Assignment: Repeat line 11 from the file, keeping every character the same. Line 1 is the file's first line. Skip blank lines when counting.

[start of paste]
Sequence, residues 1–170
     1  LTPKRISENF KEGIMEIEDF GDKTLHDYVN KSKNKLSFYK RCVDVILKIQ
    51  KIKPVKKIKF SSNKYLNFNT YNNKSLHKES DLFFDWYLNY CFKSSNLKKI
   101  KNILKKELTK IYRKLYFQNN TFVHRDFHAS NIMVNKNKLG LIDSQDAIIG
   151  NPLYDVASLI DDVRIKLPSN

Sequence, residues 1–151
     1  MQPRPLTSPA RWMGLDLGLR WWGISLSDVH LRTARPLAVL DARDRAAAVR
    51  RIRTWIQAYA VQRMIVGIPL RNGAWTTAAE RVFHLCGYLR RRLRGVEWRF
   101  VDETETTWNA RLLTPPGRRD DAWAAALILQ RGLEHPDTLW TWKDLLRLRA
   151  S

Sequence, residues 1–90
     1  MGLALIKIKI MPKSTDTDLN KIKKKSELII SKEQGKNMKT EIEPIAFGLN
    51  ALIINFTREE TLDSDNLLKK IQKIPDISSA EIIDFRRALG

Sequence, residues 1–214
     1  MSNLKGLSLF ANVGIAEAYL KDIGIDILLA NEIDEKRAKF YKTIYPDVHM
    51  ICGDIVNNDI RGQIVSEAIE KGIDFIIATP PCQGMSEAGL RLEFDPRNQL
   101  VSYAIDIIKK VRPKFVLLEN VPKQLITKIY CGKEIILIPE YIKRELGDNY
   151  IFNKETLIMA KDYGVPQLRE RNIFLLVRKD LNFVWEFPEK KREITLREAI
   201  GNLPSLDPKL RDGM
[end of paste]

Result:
Sequence, residues 1–90